On January 17th the government of Finland outlined Finland's key goals for the next EU election period, i.e. for the years 2024 – 2029.

In accordance with the government program, the Finnish government’s EU Ministerial Committee outlined Finland's key EU political goals for the coming years. Finland's key goals are meant to influence the European Council's strategic program, which defines the Union's political goals for the new five-year period. The leaders of the EU countries will decide on the program after the European Parliament elections in June. Finland will also promote its key goals from the Member States side and have to be taken as a vital part of new EU-commissions five-year program.

European Council will decide on the final strategic program after the European Parliament elections in June. It is therefore important, that Finland is already promoting its key goals, which it wants to see in the next European Commission work programme.

Finnish Forest Industry Federation welcomes government’s clear and well-focused goals, especially the goal for promoting clean transition and the bioeconomy and circular economy.

Finland's key goals for the next EU election period are:

1. Strengthening Europe's strategic competitiveness

The EU's long-term strategic competitiveness is based on the further development of the Union's own strengths and market-based solutions. A functioning internal market is a key starting point. In terms of economy and finance, it is important that each member country bears responsibility for the sustainability of its public finances.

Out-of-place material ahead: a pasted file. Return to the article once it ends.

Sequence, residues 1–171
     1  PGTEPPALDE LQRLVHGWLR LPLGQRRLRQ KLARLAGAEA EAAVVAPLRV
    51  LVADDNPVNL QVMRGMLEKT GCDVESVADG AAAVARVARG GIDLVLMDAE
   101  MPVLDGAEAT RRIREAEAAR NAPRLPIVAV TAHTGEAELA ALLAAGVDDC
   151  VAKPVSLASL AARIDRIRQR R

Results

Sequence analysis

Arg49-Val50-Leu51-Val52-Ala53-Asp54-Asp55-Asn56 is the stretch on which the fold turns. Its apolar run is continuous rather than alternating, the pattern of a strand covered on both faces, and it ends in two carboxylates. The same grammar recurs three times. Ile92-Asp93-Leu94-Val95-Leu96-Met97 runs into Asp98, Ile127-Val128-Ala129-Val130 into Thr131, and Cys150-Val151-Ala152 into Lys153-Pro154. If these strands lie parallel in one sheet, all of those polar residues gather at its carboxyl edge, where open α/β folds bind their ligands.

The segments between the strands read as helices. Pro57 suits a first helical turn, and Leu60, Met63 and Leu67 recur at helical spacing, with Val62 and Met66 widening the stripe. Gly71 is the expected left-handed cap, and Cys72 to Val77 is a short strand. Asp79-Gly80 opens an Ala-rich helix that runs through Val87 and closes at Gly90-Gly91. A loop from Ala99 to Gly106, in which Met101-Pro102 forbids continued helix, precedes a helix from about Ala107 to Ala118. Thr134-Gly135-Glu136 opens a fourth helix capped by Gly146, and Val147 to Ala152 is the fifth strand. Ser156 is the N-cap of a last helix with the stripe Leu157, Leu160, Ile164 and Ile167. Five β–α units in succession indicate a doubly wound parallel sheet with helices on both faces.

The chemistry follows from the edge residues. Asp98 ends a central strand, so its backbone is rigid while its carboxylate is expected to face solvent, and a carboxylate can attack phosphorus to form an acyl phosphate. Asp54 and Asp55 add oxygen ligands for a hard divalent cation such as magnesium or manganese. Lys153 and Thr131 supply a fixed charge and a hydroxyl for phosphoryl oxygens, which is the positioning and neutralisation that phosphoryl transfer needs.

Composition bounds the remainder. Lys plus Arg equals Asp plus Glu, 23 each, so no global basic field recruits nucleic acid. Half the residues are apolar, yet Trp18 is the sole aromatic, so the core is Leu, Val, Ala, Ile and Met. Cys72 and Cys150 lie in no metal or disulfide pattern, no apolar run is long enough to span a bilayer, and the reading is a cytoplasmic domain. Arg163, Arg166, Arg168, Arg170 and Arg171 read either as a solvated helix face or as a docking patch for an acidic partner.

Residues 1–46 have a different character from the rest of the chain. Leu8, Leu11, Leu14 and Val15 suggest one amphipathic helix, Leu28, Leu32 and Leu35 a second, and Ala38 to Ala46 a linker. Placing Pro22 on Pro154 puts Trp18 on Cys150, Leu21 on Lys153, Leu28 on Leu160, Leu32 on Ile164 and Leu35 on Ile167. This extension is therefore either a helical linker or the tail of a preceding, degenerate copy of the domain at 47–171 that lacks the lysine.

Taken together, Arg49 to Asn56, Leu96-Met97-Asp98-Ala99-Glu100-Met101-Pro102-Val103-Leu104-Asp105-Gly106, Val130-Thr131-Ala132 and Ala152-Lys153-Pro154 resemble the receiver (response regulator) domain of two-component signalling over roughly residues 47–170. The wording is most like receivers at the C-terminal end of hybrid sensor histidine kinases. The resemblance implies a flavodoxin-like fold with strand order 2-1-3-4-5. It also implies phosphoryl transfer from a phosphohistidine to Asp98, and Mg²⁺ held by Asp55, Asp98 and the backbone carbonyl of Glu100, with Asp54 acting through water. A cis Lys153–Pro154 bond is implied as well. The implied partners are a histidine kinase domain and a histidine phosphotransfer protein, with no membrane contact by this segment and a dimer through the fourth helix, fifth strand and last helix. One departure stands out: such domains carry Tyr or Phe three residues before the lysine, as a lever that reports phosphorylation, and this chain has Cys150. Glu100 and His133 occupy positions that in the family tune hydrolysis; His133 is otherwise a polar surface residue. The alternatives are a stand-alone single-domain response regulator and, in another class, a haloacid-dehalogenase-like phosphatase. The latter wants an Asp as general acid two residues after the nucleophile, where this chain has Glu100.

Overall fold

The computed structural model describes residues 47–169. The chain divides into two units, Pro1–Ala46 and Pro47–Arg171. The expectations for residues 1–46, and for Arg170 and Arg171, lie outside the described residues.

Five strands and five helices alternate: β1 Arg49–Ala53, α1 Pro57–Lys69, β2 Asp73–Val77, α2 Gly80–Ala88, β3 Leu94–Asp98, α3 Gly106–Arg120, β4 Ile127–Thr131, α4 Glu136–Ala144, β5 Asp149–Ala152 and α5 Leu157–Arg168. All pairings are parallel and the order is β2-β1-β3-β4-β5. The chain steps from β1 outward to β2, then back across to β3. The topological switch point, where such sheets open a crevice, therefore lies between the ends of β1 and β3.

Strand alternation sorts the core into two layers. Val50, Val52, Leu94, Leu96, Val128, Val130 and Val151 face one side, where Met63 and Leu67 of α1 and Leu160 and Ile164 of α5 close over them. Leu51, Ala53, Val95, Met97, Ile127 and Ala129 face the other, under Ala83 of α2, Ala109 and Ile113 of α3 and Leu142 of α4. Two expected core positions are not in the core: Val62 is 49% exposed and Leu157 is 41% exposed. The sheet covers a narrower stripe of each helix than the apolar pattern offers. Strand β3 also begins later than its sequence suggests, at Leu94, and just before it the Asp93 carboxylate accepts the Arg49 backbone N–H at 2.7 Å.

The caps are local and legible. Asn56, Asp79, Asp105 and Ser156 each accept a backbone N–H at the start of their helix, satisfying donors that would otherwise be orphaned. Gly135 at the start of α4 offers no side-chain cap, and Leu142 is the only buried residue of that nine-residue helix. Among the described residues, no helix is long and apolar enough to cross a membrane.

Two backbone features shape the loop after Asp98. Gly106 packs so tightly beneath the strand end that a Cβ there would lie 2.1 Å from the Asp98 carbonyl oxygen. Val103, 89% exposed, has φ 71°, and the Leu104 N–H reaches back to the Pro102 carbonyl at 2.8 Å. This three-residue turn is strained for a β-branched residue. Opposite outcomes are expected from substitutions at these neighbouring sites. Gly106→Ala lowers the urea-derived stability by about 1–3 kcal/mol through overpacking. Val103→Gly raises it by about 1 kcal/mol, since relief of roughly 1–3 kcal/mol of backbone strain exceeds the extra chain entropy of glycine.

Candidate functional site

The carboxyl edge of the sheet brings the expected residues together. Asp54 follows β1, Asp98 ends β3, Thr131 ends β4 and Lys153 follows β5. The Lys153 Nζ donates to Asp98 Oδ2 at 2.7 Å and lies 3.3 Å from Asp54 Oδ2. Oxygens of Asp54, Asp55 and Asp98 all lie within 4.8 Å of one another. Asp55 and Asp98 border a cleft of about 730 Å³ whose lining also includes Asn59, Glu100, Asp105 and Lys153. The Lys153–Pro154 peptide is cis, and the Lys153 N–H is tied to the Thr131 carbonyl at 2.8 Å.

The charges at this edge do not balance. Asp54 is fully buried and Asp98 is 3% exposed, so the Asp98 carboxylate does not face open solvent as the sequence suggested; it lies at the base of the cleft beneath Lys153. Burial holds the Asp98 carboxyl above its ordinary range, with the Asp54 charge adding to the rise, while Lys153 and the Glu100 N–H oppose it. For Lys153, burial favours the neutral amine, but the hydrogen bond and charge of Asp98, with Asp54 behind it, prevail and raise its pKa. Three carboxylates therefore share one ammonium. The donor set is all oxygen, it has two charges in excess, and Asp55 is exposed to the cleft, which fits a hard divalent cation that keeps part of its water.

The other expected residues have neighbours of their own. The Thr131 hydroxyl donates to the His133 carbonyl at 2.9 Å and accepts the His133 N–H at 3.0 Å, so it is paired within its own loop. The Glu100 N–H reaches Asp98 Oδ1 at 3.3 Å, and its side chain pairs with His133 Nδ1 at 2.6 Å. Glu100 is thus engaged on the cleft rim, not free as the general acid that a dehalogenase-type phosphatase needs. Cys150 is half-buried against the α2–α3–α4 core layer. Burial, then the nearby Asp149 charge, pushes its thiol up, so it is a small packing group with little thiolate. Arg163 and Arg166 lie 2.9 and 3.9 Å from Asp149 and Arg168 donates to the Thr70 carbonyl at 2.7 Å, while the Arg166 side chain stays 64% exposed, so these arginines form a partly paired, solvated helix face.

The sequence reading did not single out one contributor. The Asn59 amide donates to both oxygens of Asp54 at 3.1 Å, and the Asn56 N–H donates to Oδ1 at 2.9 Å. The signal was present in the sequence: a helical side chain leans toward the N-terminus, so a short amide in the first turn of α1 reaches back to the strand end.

2. Improving the overall security of Europe

The EU must be a stronger geopolitical actor. The Union's crisis resilience needs to be strengthened - Finland's overall security thinking supports this. Finland supports the deepening of defense cooperation and promotes, for example, a common market for defense equipment. Strong support for Ukraine must be continued. Strong external borders must be secured and instrumentalization of migration must be prevented.

3. Promoting clean transition and the bioeconomy and circular economy

Actions against climate change and enhancing biodiversity must be continued, taking into account the different conditions of the member countries. Clean transition is carried out cost-effectively with a technology-neutral approach. In energy efficiency, the emphasis should be on reducing emissions instead of limiting consumption.